Today I heard someone talk about preserving the history and heritage of towns and cities. During this, he referred to the city of Chester, Pennsylvania. The city, it seems, had a historic sign (now taken down, sadly) which read “What Chester makes makes Chester.” Which quote bowled the listeners over.
This set met thinking on a quote and an anecdote on similar lines. The quote is attributed to Aristotle and popularized by software quality assurance managers when they send us programmers their bug reports and statuses. It goes thus: “We are what we repeatedly do. Excellence, therefore, is a habit.” I have always found it very inspiring (though the bugs just never seemed to abate).
The story is not as well-known. It relates to the first and the last verses of The Bhagavad Gita, which many consider as containing the definitive essence of Hinduism. The Gita starts with the words “dharma kshetre kurukshetre…” and ends with the words “… dhruva nitir matir mama.” Some scholars believe that there is a particular significance to the last and the first words of the Gita. When combined, it reads “mama dharma“, a literal translation of which is “my justice“.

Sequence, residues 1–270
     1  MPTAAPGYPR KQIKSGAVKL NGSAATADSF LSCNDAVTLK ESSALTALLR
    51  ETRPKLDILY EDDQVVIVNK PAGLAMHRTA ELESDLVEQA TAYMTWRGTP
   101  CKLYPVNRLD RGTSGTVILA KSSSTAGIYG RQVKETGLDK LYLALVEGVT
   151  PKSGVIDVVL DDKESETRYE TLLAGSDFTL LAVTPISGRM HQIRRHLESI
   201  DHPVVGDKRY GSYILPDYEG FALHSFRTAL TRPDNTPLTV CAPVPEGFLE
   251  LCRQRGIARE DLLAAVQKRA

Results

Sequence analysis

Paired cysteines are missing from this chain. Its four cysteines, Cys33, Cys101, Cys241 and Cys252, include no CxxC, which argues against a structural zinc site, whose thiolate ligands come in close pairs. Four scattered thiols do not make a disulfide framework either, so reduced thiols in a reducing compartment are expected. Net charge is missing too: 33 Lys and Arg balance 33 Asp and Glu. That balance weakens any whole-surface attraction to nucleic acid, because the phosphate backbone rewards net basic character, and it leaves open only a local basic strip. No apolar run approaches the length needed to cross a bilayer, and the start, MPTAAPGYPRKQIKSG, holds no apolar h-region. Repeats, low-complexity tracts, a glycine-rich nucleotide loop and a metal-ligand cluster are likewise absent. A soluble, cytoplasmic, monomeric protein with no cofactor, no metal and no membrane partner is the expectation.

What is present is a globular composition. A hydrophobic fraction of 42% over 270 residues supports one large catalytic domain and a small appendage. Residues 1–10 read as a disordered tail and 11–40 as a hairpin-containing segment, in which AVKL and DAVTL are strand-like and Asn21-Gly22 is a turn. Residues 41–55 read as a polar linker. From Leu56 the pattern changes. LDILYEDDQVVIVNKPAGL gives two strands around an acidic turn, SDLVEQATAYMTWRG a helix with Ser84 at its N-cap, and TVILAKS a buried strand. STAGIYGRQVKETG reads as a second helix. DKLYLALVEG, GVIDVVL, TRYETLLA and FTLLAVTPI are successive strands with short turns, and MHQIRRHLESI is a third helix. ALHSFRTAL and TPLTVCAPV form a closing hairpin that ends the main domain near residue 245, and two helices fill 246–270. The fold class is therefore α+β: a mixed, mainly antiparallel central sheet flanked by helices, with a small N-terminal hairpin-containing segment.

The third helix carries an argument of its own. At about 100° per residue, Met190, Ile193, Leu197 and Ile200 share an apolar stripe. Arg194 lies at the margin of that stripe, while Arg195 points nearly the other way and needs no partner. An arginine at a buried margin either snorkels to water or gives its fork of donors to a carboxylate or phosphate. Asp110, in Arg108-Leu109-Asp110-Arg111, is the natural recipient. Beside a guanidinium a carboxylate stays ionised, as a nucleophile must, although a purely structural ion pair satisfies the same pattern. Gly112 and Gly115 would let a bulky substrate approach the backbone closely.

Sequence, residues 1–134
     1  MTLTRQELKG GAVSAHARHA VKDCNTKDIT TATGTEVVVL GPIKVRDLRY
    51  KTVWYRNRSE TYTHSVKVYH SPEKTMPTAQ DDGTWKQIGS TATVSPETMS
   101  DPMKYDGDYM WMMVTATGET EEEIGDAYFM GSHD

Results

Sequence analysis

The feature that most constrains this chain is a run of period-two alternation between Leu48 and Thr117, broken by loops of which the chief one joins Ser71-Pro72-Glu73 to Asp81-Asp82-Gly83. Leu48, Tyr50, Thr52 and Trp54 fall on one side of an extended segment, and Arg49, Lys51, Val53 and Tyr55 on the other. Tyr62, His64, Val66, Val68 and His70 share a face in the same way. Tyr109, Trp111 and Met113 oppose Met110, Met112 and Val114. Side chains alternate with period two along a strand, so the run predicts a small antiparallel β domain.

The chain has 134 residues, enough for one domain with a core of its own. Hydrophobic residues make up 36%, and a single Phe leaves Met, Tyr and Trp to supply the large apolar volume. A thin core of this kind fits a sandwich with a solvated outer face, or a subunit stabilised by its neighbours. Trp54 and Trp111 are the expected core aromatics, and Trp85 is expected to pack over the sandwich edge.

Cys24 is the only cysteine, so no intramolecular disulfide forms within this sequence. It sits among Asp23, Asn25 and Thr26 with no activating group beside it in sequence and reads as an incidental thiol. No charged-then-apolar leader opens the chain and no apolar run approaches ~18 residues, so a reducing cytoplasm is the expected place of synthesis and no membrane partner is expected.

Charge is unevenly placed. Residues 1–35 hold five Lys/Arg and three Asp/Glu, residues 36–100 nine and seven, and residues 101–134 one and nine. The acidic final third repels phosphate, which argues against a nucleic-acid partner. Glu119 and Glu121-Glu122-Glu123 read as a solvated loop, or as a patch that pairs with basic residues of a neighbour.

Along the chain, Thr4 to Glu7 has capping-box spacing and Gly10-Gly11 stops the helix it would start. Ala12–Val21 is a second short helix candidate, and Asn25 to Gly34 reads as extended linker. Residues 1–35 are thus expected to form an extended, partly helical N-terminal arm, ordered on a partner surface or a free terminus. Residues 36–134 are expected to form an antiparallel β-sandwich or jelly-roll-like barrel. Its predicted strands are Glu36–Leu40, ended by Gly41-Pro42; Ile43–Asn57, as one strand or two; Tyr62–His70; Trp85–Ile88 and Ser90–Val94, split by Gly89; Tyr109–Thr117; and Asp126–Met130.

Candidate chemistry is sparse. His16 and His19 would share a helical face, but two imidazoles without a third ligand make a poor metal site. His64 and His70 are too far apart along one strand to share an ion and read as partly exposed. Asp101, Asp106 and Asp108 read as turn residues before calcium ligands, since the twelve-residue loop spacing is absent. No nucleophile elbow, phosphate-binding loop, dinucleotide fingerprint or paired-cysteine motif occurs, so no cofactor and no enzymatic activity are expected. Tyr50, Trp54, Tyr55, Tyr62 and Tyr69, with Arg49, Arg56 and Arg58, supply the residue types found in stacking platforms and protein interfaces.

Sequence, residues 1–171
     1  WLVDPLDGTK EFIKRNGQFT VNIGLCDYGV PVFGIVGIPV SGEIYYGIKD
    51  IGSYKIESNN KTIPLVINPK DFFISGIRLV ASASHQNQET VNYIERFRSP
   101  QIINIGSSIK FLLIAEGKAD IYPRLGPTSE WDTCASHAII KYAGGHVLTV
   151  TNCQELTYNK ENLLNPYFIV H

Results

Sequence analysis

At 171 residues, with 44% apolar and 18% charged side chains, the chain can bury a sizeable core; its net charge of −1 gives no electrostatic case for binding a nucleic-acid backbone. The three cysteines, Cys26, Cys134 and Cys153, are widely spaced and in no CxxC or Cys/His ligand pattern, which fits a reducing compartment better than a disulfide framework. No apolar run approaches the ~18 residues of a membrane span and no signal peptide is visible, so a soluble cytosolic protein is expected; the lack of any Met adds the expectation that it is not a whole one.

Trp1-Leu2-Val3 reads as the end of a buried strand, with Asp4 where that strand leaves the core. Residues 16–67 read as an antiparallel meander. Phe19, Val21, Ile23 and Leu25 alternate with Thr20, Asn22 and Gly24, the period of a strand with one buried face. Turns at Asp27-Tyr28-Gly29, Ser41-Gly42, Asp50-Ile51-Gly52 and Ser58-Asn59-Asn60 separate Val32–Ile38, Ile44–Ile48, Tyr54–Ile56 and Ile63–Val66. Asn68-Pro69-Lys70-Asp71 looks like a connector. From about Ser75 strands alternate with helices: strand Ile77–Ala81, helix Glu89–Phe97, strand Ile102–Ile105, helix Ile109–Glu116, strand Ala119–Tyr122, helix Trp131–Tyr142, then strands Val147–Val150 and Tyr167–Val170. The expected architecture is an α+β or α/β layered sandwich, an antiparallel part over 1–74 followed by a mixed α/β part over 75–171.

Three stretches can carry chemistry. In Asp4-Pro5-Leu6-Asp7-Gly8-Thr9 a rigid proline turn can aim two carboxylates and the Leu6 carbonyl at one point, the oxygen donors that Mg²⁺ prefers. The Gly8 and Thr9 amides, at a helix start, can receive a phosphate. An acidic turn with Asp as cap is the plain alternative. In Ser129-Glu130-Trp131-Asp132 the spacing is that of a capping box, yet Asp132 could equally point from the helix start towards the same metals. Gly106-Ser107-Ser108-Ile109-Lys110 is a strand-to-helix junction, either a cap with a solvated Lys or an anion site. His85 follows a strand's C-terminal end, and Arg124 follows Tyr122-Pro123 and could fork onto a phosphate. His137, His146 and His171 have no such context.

The essence of the Gita is captured in verse 66 of chapter 18 (sarva dharmaan parityajya), which urges man to refrain from making judgments, and lead a full life by considering all his actions as leading to a surrender to God (maam ekam sharanam vraja). When seen in this light, the term mama dharma, argue some, must be interpreted as Lord Krishna telling His listener(s) “My life is my justice.”
I have come to realize that we spend an inordinate amount of time and energy in judging others, and weighing the theoretical aspects of problem. Consequently, we have very little time to act. This restricts our potential, and we end up sensing the gap between what could have been and what really is.
An idea that is succinctly put forth by Swami Vivekananda as follows…
“Don’t come here any more if you think any task too difficult. Through the grace of the Lord, everything becomes easy of achievement. Your duty is to serve the poor and the distressed without distinction of caste and creed. What business have you to consider the fruits of your action? Your duty is to go on working, and everything will set itself right in time, and work by itself. My method of work is to construct, and not to destroy that which is already existing….You are all intelligent boys and profess to be my disciples — tell me what you have done. Couldn’t you give away one life for the sake of others? Let the reading of Vedanta and the practice of meditation and the like be left for the next life! Let this body go in the service of others — and then I shall know you have not come to me in vain!”
(Thanks, Gokul, for the quote.)
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